Tikal is one of the largest archaeological sites and urban centers of the pre-Columbian Maya civilization. It is located in the the Petén Basin of northern Guatemala and was declared a UNESCO World Heritage Site in 1979. There are traces of early agriculture dating as far back as 1000 BC; the majority of the building took place in the 4th through 8th centuries AD and by 950 AD it was all but deserted. The setting is very jungly - lots of wildlife including ocellated turkeys, lots of tropical birds, coatis, and several kinds of monkeys.
Here's Roxy talking with my group in 2009 on top of Temple 4 - jungle as far as you can see in every direction with just the tops of other temples rising above the canopy. Here's a clip from a Star Wars movie that was filmed there.
We'll spend a 2nd night at Hotel La Mansión Del Pajaro Serpiente and have Roxy drive us to the ruins of Yaxhá for a quick visit enroute to the Belize border which is about an hour's drive from the hotel. It's another important but much less-visited ruin and was the site of Survivor - Guatemala in 2005.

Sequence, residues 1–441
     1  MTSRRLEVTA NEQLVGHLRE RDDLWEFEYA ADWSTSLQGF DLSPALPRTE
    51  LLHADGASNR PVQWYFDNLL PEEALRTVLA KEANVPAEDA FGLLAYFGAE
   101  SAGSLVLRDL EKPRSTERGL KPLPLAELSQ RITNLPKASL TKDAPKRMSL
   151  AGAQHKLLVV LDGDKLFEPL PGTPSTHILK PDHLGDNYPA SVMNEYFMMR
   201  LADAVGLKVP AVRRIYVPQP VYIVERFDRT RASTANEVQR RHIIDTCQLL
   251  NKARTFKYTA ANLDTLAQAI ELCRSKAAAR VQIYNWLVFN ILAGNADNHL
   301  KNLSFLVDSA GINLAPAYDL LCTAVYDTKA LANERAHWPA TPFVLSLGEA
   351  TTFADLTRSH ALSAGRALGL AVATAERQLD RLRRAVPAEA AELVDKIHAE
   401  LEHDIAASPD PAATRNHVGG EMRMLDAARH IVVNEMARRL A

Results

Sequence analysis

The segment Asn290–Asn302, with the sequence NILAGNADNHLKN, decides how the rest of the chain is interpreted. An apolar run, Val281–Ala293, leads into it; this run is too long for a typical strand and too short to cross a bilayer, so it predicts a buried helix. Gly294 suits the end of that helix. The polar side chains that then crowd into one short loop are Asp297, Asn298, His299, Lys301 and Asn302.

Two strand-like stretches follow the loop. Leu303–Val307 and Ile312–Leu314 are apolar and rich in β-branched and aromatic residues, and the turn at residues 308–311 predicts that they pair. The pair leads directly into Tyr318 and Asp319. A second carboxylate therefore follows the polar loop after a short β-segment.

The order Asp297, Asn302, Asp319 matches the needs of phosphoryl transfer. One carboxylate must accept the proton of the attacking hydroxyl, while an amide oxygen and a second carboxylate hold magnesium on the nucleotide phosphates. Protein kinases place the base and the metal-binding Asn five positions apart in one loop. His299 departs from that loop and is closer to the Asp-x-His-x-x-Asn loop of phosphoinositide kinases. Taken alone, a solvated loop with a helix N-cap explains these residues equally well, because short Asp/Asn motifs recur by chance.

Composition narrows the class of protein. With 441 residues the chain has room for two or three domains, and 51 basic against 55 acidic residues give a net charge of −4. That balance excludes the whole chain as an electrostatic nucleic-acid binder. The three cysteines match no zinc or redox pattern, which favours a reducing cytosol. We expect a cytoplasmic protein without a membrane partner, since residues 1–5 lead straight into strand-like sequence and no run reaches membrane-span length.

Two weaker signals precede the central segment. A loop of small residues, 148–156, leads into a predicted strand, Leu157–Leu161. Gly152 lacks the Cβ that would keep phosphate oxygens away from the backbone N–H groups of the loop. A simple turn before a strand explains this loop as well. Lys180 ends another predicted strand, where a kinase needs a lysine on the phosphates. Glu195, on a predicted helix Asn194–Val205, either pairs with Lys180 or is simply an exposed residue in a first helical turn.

From the Belize border we'll head to our lodging choice for the night. A good and inexpensive option is the Trek Stop in San José Succotz Village. Costs are $24 - $38/double in various little pine cabins surrounded by huge mango trees. There's a little restaurant and a share kitchen where we could prepare some of our own meals, shopping in the village for groceries. There's also a beautiful butterfly enclosure and it's near the Mopan River and the ruins of Xunantunich in case we aren't ruined-out by then. Here are some photos from our stay there with the kids in 2003.